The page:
Advertisement

Reply

Published:September 15, 2017DOI:https://doi.org/10.1016/j.ajog.2017.09.005
      We appreciate the insightful comments expressed by Drs Levine and Fernandez regarding our recent report on the ureter stone diagnosed with 3-dimensional (3D) transvaginal ultrasonography. We absolutely agree with the authors’ opinion that the 3D sonography provided additional useful information to the 2-dimensional sonography. As Drs Levine and Fernandez commented, the imaging studies that were performed to confirm the diagnosis of distal ureteral stone in our case might not be needed in other cases, considering the additional cost and radiation exposure.
      Although not necessary in every case, 3D sonography is highly useful in the differential diagnosis of congenital uterine anomalies because the coronal image of 3D sonography provides both the outline of endometrial cavity and external fundal contour of the uterus.
      Some authors reported the accuracy of 3D sonography to be comparable with that of magnetic resonance imaging.
      • Graupera B.
      • Pascual M.A.
      • Hereter L.
      • et al.
      Accuracy of three-dimensional ultrasound compared with magnetic resonance imaging in diagnosis of Müllerian duct anomalies using ESHRE-ESGE consensus on the classification of congenital anomalies of the female genital tract.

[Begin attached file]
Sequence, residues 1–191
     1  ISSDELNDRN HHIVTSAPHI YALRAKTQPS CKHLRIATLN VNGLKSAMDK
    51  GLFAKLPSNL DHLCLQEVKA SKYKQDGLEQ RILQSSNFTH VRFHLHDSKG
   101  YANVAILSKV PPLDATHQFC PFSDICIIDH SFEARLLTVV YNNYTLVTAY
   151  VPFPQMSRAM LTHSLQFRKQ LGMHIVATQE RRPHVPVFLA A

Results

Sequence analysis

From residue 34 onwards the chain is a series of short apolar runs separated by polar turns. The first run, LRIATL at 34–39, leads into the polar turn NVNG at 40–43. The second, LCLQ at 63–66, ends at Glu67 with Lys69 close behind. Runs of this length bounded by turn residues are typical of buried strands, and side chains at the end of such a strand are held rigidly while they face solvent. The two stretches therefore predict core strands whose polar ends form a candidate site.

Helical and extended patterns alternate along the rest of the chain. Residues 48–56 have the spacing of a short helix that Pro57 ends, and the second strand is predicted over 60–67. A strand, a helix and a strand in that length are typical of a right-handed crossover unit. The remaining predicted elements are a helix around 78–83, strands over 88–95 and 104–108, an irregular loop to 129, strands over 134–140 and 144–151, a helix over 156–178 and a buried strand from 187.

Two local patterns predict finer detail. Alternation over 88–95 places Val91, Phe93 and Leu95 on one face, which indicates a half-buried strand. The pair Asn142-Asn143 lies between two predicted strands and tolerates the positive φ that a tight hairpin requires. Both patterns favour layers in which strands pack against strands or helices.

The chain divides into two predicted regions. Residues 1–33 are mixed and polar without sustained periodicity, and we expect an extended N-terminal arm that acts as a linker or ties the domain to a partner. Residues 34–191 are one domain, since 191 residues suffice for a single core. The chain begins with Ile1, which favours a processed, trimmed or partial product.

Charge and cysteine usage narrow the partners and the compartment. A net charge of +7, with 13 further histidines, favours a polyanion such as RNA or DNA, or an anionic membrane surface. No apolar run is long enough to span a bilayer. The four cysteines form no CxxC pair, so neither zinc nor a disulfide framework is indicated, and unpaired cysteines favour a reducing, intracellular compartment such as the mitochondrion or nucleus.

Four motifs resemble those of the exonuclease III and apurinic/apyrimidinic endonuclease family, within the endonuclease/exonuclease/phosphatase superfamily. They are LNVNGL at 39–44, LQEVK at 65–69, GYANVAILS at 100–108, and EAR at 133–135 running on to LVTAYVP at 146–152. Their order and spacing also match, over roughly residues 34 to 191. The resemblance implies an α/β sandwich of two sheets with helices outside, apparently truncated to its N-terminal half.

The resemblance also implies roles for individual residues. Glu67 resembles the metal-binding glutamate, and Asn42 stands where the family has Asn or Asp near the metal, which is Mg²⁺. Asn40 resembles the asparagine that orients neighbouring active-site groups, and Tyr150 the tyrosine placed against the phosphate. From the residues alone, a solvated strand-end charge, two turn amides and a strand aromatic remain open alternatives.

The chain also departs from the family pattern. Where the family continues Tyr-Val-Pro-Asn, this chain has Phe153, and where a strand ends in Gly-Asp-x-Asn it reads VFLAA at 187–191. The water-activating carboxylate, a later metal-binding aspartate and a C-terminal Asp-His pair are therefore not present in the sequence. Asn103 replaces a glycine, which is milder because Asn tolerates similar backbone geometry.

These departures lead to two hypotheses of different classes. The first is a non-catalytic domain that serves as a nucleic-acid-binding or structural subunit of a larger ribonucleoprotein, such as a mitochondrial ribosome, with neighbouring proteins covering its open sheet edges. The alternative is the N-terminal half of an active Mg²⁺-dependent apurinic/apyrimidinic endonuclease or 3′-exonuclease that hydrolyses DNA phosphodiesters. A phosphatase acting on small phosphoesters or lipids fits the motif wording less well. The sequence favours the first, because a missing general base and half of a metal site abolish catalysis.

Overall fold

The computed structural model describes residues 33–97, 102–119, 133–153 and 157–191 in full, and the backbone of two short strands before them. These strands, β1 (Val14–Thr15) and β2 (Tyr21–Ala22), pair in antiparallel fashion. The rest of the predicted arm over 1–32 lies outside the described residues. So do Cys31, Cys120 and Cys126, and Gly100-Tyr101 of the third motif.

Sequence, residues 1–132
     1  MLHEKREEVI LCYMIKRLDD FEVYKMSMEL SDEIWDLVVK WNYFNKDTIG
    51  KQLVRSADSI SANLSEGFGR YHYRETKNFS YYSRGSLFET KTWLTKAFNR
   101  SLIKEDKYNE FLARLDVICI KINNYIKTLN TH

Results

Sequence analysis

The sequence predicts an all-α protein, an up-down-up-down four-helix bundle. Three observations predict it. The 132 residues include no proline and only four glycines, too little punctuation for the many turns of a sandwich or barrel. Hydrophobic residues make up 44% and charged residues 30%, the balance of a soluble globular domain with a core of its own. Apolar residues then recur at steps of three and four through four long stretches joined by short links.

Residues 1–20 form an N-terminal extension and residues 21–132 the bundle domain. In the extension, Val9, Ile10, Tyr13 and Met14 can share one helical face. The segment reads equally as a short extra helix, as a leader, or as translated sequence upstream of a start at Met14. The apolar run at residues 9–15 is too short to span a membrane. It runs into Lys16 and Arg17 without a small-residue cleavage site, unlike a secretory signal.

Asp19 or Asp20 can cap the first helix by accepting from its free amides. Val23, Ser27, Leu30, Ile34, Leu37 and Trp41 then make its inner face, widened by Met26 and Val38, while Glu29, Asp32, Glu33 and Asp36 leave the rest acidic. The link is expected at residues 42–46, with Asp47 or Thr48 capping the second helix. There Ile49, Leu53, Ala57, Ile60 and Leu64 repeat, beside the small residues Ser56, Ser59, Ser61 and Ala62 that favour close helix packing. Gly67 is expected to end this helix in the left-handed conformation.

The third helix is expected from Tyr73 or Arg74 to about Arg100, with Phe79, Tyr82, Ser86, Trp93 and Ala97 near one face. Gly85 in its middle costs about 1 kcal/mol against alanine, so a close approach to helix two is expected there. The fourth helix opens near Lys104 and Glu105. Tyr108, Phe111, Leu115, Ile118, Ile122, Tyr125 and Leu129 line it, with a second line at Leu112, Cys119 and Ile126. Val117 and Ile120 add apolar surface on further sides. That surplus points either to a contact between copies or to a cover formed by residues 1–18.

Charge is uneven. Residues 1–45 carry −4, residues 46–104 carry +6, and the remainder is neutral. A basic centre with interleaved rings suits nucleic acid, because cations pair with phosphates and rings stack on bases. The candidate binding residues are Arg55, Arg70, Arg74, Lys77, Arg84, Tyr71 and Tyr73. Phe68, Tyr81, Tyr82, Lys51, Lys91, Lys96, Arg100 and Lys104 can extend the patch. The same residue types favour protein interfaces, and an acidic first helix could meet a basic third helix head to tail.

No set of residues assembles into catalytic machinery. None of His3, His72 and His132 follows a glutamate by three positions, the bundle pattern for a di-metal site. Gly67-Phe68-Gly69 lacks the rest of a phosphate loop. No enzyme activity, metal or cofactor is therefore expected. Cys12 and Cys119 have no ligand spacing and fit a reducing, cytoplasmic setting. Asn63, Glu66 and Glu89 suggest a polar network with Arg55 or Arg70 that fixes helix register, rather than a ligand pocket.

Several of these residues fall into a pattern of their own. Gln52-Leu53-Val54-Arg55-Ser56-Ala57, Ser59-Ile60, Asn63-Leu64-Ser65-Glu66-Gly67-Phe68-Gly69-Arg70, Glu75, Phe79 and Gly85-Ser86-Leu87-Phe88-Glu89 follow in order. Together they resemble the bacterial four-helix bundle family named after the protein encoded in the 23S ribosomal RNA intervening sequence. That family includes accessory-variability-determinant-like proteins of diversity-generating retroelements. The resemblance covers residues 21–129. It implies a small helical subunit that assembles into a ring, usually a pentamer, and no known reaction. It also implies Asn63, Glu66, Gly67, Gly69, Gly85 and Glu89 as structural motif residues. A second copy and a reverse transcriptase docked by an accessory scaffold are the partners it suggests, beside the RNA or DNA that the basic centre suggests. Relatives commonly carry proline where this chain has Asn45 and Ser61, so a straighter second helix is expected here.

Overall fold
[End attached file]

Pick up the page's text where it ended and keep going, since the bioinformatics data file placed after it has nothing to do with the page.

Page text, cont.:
3D sonography also enables doctors to confirm the relationship of the leiomyoma to the endometrium. The main body of leiomyoma can be located without performing a sonohysterogram, which can sometimes be painful for the patient. We also think the rendered 3D sonography is also helpful in the removal of intrauterine lesions, such as endometrial polyps or injuries, that are caused by impacted intrauterine devices with various shapes.
      • Graupera B.
      • Hereter L.
      • Pascual M.A.
      • et al.
      Normal and abnormal images of intrauterine devices: role of three-dimensional sonography.
      The more precise localization of intrauterine lesions enables targeted curettage without requiring an office hysteroscopy. However, we look forward to performing a more extensive study that will evaluate the usefulness of 3D sonography in the diagnosis of gynecologic diseases.

      References

        • Graupera B.
        • Pascual M.A.
        • Hereter L.
        • et al.
        Accuracy of three-dimensional ultrasound compared with magnetic resonance imaging in diagnosis of Müllerian duct anomalies using ESHRE-ESGE consensus on the classification of congenital anomalies of the female genital tract.
        Ultrasound Obstet Gynecol. 2015; 46: 616-622
        • Graupera B.
        • Hereter L.
        • Pascual M.A.
        • et al.
        Normal and abnormal images of intrauterine devices: role of three-dimensional sonography.
        J Clin Ultrasound. 2012; 40: 433-438

      Linked Article

      • 3D transvaginal sonography in obstetrics and gynecology
        American Journal of Obstetrics & GynecologyVol. 218Issue 1
        • Preview
          We certainly agree with the authors, Lee and Yoon,1 in that 3-dimensional transvaginal ultrasonography (3D TVS) clearly offers additional clinical value as a diagnostic imaging tool, well beyond 2D TVS. The identification of a ureteral calculus within the ureter provides a good example of this value; such use should be encouraged and broadened. One can even say that, with the confirmatory diagnosis from the use of 3D TVS, the other imaging modalities (eg, computed tomography) may not have even been necessary to use in this case.
        • Full-Text
        • PDF